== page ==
Collaborative Care for a Patient with Complex Low Back Pain and Long-term Tobacco Use: A Case Report

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SOURCE:   J Can Chiropr Assoc. 2015 (Sep); 59 (3): 216–225

Michael B. Seidman, MSW, DC, Robert D. Vining, DC, Stacie A. Salsbury, PhD, RN

Palmer Center for Chiropractic Research,
Davenport, Iowa.


Few examples of interprofessional collaboration by chiropractors and other healthcare professionals are available. This case report describes an older adult with complex low back pain and longstanding tobacco use who received collaborative healthcare while enrolled in a clinical trial. This 65 year-old female retired office worker presented with chronic back pain. Imaging findings included disc extrusion and spinal stenosis. Multiple co-morbidities and the complex nature of this case substantiated the need for multidisciplinary collaboration. A doctor of chiropractic and a doctor of osteopathy provided collaborative care based on patient goal setting and supported by structured interdisciplinary communication, including record sharing and telephone consultations. Chiropractic and medical interventions included spinal manipulation, exercise, tobacco reduction counseling, analgesic use, nicotine replacement, dietary and ergonomic recommendations, and stress reduction strategies. Collaborative care facilitated active involvement of the patient and resulted in decreased radicular symptoms, improvements in activities of daily living, and tobacco use reduction.

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Keywords   chiropractic; integrative medicine; interdisciplinary communication; low back pain; patient-centered care; radiculopathy; spinal manipulation; tobacco use cessation


From the FULL TEXT Article:

Introduction

Older adults with low back pain (LBP) often represent a complex clinical picture due to the inherent challenges of treating LBP especially when combined with multiple co-morbidities. [1–4] Given the potential for such complexity, it is important for clinicians and patients to consider these elements as management plans are designed and implemented. [2, 5] Multidisciplinary collaborative care including care coordination among providers is one possible approach to the management of complex LBP. [1, 2, 6, 7]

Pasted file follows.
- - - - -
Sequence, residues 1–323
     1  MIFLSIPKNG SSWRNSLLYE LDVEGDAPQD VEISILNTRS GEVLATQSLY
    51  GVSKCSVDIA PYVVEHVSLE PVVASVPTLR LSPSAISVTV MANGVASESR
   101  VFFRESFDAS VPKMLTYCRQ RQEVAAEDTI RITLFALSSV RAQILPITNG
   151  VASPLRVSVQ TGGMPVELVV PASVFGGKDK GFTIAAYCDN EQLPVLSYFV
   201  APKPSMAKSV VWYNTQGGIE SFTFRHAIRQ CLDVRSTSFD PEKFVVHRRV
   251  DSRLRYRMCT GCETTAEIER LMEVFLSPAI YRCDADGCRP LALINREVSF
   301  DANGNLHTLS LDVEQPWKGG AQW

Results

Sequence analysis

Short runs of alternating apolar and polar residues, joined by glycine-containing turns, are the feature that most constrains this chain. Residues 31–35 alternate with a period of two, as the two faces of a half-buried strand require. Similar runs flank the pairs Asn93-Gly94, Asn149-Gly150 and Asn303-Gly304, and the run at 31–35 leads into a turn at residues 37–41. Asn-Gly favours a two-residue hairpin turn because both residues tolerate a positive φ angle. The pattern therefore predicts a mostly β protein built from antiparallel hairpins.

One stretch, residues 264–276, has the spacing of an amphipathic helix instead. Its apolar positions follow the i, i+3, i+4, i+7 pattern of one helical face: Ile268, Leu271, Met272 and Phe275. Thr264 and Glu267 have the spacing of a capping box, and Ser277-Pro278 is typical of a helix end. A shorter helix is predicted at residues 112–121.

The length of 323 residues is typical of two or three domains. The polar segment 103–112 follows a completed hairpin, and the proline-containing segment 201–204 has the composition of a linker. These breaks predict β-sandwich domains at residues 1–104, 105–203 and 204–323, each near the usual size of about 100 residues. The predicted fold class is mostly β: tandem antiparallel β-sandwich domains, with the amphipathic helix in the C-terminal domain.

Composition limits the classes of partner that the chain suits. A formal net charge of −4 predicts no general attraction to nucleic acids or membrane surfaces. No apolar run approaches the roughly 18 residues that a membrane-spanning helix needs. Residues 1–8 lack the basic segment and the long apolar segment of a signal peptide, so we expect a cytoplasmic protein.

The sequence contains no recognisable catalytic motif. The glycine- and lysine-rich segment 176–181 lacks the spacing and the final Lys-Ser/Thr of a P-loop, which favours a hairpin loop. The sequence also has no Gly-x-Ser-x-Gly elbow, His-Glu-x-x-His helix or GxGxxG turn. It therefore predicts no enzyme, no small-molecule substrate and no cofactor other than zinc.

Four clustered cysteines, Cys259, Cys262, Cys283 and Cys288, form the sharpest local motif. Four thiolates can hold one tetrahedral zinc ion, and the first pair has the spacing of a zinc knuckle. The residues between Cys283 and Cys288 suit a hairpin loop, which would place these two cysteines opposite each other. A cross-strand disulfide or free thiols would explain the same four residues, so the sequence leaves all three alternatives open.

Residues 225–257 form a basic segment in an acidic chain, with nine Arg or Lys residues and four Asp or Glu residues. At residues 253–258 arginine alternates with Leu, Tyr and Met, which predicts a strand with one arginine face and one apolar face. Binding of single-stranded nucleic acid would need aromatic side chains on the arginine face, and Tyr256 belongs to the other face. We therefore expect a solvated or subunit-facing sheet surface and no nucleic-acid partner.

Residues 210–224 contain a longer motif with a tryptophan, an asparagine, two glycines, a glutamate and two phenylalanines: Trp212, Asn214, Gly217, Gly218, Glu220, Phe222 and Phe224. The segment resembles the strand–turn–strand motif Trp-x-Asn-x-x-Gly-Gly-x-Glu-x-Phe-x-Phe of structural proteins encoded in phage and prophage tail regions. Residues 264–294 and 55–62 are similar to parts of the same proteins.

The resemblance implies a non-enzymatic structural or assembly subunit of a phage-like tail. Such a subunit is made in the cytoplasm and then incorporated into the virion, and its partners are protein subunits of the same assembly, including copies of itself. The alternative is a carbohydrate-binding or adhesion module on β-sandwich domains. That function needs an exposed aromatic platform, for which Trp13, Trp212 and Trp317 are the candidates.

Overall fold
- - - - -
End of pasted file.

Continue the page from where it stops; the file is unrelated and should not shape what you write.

Boon and colleagues defined collaborative care as “an interprofessional process for communication and decision making that enables the separate and shared knowledge and skills of health providers to synergistically influence patient care.” [8, 9]

Successful collaboration requires

patient interest and involvement [10–12],
mutual respect [9, 10, 12],
maintenance of professional autonomy [8, 13, 14],
understanding each team members’ practice scope [9, 13, 15–17],
goal setting [9, 10, 13], and
an openness to discussion and consensus building processes. [13]

Communication models that may support interprofessional collaboration include

telephone consultations [10, 18–20]
or face-to-face meetings [10, 16, 18, 21],
job shadowing experiences [9, 16, 20],
use of electronic medical records [9, 14, 18],
and confirming understanding among team members. [12, 19, 21]

This case presentation describes a collaborative effort between healthcare providers and a patient enrolled in a clinical trial on interdisciplinary co-management of older adults with LBP. [20, 22] The trial randomly allocated eligible participants to receive 12-weeks of LBP care under 1 of 3 professional practice models: medical care; concurrent medical and chiropractic care; or collaborative care involving the patient and a medical and chiropractic co-management team. The co-management team collaborated through scheduled phone consultations and a secure, web-based, electronic communication system to share health records between the different health systems involved. [20] The interprofessional practice model emphasized patient goal setting; provider discussions of diagnoses, complicating factors and challenges to treatment; a cooperative treatment approach; monitoring patient status and care challenges; and ongoing support of the patient’s treatment goals. [20] The co-managing practitioners in this case were a doctor of chiropractic (DC) working at a chiropractic research center and a doctor of osteopathy (DO) completing a residency in family medicine. This case report discusses the collaboration process of a DC, DO, and patient engaged in the management of complex LBP in an older adult.


Case presentation


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